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Corruption trial of diamond magnate opens in Switzerland

Steinmetz arrives at the courthouse in Geneva to defend himself against the charges. Keystone / Salvatore Di Nolfi

The trial of Israeli billionaire Beny Steinmetz, accused of corrupt business practices in Guinea, started in Geneva on Monday. Steinmetz is alleged to have paid bribes to secure mining rights in the African country at a fraction of their fair value.

This content was published on January 11, 2021 - 09:43
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In August 2019, prosecutors in Geneva charged Steinmetz with making illegal payments to government officials and of falsifying documents. Prosecutors say Steinmetz and other associates “promised in 2005 and then paid or had bribes paid to one of the wives of former Guinean President Lansana Conte” to have mining rights allocated to the company Beny Steinmetz Group Resources (BSGR).

BSGR later sold the Guinea mining rights to another company for a huge profit.

The 64-year-old commodities trading magnate, who made his fortune dealing diamonds, denies the charges and will appear in court in Geneva. Prosecutors say millions of francs in ill-gotten gains from the deal have passed through Swiss banks.

It is highly unusual for Swiss courts to prosecute foreign nationals for alleged crimes committed outside Switzerland. The campaigning NGO Public Eye said other Swiss entities and individuals had played a role in the alleged corruption.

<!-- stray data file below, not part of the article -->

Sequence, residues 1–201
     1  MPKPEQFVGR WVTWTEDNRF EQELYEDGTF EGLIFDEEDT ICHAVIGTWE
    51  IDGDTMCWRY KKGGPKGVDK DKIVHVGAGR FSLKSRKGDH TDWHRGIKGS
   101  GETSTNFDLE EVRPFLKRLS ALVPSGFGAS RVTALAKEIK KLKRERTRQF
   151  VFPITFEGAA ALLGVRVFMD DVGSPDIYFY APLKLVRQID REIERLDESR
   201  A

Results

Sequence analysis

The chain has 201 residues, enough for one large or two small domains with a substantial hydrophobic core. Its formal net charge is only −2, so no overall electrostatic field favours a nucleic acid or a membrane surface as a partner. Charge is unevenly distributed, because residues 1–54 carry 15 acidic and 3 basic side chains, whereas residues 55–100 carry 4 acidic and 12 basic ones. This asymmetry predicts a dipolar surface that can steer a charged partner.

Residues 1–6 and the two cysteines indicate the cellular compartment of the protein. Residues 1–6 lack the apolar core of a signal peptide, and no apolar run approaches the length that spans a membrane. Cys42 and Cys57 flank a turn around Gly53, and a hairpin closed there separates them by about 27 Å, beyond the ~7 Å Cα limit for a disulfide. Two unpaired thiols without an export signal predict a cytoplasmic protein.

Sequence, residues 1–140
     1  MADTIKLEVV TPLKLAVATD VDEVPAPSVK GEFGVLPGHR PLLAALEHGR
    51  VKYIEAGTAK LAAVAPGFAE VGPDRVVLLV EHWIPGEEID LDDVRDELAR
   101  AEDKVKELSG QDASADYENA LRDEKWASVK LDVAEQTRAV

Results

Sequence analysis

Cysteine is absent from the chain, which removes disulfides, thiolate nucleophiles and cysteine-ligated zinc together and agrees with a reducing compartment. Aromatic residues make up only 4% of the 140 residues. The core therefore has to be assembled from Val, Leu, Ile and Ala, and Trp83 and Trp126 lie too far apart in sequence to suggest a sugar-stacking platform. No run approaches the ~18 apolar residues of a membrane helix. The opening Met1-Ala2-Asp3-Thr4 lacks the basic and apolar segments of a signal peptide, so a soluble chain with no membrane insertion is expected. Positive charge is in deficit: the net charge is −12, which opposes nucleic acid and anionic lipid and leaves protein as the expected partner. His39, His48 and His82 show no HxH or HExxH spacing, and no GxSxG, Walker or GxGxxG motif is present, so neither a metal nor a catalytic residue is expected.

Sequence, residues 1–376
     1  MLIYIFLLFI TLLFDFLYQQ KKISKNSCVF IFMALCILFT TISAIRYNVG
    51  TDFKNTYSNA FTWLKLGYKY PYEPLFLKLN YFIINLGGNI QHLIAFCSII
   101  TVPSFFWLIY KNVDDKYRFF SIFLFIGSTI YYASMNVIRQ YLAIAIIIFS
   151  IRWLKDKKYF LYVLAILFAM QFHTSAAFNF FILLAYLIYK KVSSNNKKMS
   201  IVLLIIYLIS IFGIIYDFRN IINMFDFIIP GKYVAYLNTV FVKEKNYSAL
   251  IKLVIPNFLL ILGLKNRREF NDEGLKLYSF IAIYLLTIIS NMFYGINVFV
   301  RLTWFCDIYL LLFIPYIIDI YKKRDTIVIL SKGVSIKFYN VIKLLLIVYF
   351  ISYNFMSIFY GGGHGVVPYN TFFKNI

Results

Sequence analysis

"This case shows how tax havens can make it easier to cover up illegitimate or illegal activities in weakly governed and regulated countries," the group stated. "The role of advisors and lawyers in setting up or managing offshore companies and trusts is also questionable. These actors systematically hide behind professional secrecy."

Last November Swiss voters rejected an attempt to hold multinational companies legally liable in Switzerland for criminal acts and human rights violations abroad.

The Swiss government has also resisted pressure from NGOs to impose tighter binding regulations on the commodities trading sector. It has instead opted to recommend guidelines that the industry is expected to self-regulate.

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